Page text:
Appellant was convicted and sentenced for aggravated sodomy and child molestation. He now appeals, questioning the sufficiency of the evidence presented against him and the legality of his sentence.
The victim, an eight-year-old boy in whose mobile home appellant resided, testified that he slept in a bunk bed in the bedroom he shared with appellant, who slept in a double bed; that appellant had gotten into bed with him at night and had placed his hand on the child's sex organ; that appellant had made the child place his hand upon appellant's sex organ; and that appellant had inserted his penis into the child's anus several times a week for several weeks.
1. OCGA 16-6-2
(a) states that "[a] person commits the offense of sodomy when he performs or submits to any sexual act involving the sex organs of one person and the mouth or anus of another. A person commits the offense of aggravated sodomy when he commits sodomy with force and against the will of the other person." Child molestation occurs when "[a] person . . . does any immoral or indecent act to or in the presence of or with any child under the age of 14 years with the intent to arouse or satisfy the sexual desires of either the child or the person." OCGA 16-6-4
(a). Appellant does not dispute the sufficiency of the evidence against him on the count alleging child molestation. He now asserts and sought at trial a motion for directed verdict of acquittal on the fact that the State failed to prove that the act of sodomy was done "with force," thereby failing to prove an essential element of the crime of aggravated sodomy. However, the Supreme Court has ruled that "[s]exual acts directed to children are, in law, forcible and against the will. [Cit.]" Richardson v. State, 256 Ga. 746 (2) (353 SE2d 342) (1987)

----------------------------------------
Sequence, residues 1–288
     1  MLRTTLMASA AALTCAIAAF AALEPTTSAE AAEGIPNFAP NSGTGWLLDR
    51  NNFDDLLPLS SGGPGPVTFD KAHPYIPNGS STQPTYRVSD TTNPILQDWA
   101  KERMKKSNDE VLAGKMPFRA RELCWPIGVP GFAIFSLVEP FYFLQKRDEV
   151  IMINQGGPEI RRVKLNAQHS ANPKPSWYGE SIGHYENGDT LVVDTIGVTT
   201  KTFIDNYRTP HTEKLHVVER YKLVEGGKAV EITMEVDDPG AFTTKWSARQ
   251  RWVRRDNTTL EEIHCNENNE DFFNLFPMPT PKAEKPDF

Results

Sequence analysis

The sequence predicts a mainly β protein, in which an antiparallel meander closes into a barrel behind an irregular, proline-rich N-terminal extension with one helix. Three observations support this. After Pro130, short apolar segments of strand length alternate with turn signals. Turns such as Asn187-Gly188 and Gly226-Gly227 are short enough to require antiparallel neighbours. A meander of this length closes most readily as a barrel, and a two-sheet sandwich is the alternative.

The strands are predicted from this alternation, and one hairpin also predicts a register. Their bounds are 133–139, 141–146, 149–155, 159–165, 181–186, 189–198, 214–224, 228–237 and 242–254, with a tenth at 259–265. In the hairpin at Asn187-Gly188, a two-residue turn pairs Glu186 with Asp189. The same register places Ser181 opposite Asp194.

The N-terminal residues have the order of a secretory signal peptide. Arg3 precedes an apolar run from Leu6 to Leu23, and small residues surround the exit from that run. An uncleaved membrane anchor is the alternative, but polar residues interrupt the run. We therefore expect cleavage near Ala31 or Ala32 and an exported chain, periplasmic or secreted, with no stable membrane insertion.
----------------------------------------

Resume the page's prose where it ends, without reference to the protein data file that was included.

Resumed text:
. See also Cooper v. State, 256 Ga. 631 (2) (352 SE2d 382) (1987)
. In Cooper, the Supreme Court relied on Carter v. State, 122 Ga. App. 21 (176 SE2d 238) (1970)
, in which the Court of Appeals opined that "the commission of sodomy by an adult on a child . . . could not be simple sodomy, but would always be aggravated sodomy . . . because the 'with force and against the will' element of the crime is automatically supplied by the commission of the crime on a person, such as a young child . . ., who has neither the physical nor the mental capacity to give consent as a matter of law. [Cit.]" Id. at 22. The court then cited what is now OCGA 16-3-1
, which states that "[a] person shall not be considered or found guilty of a crime unless he has attained the age of 13 years at the time of the act . . . constituting the crime." It thus appears that the Supreme Court is of the opinion that an act of sodomy perpetrated upon a child who has not attained the age of 13 constitutes aggravated sodomy because the act done to a child of that age is automatically done with force and against the child's will. Therefore, proof that the child was eight years old at the time of the offense is sufficient evidence that the act of sodomy was done with force and against the will of the victim. Richardson, supra; Cooper, supra. Hines v. State, 173 Ga. App. 657 (2) (327 SE2d 786) (1985)
, does not require a different result inasmuch as it is without precedential value since one judge on the division concurred in judgment only (see Rule 35 (b) of the Rules of the Court of Appeals), and a majority of the Court of Appeals held it was without precedential value in Cooper v. State, 180 Ga. App. 37 (348 SE2d 486) (1986)
. In light of the above, there was sufficient evidence for a rational trier of fact to find appellant guilty of aggravated sodomy beyond a reasonable doubt ( Jackson v. Virginia, 443 U. S. 307 (99 SC 2781, 61 LE2d 560) (1979); Richardson v. State, supra), and it was not error for the trial court to deny appellant's motion for a directed verdict of acquittal on that count. See Humphrey v. State, 252 Ga. 525 (1) (314 SE2d 436) (1984)
John M. Ott, District Attorney, Alan A. Cook, Assistant District Attorney, for appellee.